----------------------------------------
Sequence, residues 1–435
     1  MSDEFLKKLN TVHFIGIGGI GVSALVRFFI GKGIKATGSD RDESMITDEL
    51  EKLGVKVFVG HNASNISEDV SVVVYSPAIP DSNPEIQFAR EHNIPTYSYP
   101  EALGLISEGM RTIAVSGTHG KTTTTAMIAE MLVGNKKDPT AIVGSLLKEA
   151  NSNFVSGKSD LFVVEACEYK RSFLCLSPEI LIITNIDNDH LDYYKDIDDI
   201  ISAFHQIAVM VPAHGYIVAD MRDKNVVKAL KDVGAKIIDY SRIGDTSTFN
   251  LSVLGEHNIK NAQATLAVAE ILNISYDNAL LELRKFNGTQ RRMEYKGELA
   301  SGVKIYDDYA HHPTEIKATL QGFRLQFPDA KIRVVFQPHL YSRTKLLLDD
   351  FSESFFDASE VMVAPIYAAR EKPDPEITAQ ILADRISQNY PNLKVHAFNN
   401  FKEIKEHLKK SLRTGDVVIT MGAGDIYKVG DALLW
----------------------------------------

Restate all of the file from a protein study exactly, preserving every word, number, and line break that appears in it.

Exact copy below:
Sequence, residues 1–435
     1  MSDEFLKKLN TVHFIGIGGI GVSALVRFFI GKGIKATGSD RDESMITDEL
    51  EKLGVKVFVG HNASNISEDV SVVVYSPAIP DSNPEIQFAR EHNIPTYSYP
   101  EALGLISEGM RTIAVSGTHG KTTTTAMIAE MLVGNKKDPT AIVGSLLKEA
   151  NSNFVSGKSD LFVVEACEYK RSFLCLSPEI LIITNIDNDH LDYYKDIDDI
   201  ISAFHQIAVM VPAHGYIVAD MRDKNVVKAL KDVGAKIIDY SRIGDTSTFN
   251  LSVLGEHNIK NAQATLAVAE ILNISYDNAL LELRKFNGTQ RRMEYKGELA
   301  SGVKIYDDYA HHPTEIKATL QGFRLQFPDA KIRVVFQPHL YSRTKLLLDD
   351  FSESFFDASE VMVAPIYAAR EKPDPEITAQ ILADRISQNY PNLKVHAFNN
   401  FKEIKEHLKK SLRTGDVVIT MGAGDIYKVG DALLW